Feb 25, 2011

#BDS: McEwan's lousy acceptance speech, and reasons to be be cautiously optimistic

"Ian McEwan went to Jerusalem, shook the hands of apartheid officers, hobnobbed with war criminals, and gave a lousyacceptance speech, though I must admit not as lousy as the petulant and self-indulgent comic relief delivered last year by Margaret Atwood and Amitav Gosh after they collected their tainted million dollar. As you'll remember, Atwood and Gosh dedicated their acceptance speech to criticizing those who dared interfere with their sacred right to be given money, and compared their predicament to that of writers tortured and imprisoned for their writings. McEwan, while clearly unhappy about being so inconvenienced, calibrated his speech to appease the criticism and at least tried to prove he was not, as he was in fact, mollycoddling apartheid.

McEwan is an imperial liberal who believes passionately in the supremacy of European culture. Of course, perish the thought that he would define it that way. He would rather call it "secularism", or "rationalism", or whatever. But it is what it is. He is not therefore the first person one would turn to for supporting an anti-colonial struggle. Just listen to how he describes, in Jerusalem, the uprising in Egypt:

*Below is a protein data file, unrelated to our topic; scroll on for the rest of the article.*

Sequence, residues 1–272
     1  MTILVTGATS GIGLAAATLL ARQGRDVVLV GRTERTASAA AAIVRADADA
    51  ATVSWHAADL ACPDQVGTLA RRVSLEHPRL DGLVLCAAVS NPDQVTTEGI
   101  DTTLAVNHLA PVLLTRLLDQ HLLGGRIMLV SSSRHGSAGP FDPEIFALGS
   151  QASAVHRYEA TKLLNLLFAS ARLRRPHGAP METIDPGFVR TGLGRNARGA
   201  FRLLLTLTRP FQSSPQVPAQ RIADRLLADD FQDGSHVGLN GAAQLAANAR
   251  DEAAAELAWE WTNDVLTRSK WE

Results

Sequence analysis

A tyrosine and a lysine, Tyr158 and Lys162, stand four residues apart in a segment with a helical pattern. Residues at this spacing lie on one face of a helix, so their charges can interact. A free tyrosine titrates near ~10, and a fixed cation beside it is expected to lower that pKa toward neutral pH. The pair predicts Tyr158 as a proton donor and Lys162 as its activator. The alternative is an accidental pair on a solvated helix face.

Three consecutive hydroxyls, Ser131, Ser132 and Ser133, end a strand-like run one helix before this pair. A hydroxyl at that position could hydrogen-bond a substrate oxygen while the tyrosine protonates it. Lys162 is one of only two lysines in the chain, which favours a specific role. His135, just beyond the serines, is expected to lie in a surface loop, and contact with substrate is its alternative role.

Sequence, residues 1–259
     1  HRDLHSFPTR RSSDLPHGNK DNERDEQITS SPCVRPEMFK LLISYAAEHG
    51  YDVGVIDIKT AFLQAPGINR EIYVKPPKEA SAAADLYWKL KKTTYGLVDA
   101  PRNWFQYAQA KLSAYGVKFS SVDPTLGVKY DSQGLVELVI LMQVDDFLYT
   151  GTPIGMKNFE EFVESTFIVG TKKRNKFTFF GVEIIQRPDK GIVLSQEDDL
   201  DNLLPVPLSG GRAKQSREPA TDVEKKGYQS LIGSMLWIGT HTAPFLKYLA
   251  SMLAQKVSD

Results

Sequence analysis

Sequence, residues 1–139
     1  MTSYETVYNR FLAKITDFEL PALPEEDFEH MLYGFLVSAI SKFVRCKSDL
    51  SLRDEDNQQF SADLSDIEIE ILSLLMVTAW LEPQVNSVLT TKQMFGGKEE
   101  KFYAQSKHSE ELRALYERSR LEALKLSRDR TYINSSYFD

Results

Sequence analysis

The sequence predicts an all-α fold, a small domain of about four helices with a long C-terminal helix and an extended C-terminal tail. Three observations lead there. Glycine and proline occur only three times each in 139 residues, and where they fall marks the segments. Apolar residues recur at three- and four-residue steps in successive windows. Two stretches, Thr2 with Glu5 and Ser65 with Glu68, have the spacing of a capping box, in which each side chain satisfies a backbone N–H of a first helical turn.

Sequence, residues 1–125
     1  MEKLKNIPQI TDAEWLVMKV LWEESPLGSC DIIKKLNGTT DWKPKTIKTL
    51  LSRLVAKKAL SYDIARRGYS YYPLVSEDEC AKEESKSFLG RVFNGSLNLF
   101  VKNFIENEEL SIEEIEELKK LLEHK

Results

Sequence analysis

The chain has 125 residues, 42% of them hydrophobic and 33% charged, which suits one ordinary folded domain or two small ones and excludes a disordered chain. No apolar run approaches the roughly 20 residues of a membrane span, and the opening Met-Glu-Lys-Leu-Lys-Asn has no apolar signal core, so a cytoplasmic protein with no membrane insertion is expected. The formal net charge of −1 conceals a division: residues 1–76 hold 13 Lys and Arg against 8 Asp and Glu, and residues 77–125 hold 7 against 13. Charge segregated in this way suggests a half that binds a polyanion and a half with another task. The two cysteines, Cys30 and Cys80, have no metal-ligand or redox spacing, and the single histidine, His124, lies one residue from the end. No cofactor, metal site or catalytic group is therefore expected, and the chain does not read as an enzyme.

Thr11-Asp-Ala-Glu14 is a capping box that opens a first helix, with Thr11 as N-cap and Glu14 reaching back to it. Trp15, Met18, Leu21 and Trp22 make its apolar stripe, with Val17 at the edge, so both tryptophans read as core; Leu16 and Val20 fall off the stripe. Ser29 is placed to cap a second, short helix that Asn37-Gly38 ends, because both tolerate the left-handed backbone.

When Egyptians decide en masse to reform their society and think constructively, and take responsibility for their nation into their own hands, they will be less inclined to blame outsiders for all their misfortunes.
Because of course, Egyptian misfortunes have nothing to do with outsiders. Nobody poured billions of dollars into Egypt each year for forty years to maintain a brutal and tyrannical regime. Nobody feted and embraced Mubarak for the way he starved his people for the benefit of global neoliberal accumulation. It was all the fault of Egyptians who failed the test of maturity administered by the white man. They did not "take responsibility" for their fate. They were not "constructive." Maybe, of course that is exactly what McEwan implies in this formulation, they deserved tyranny."

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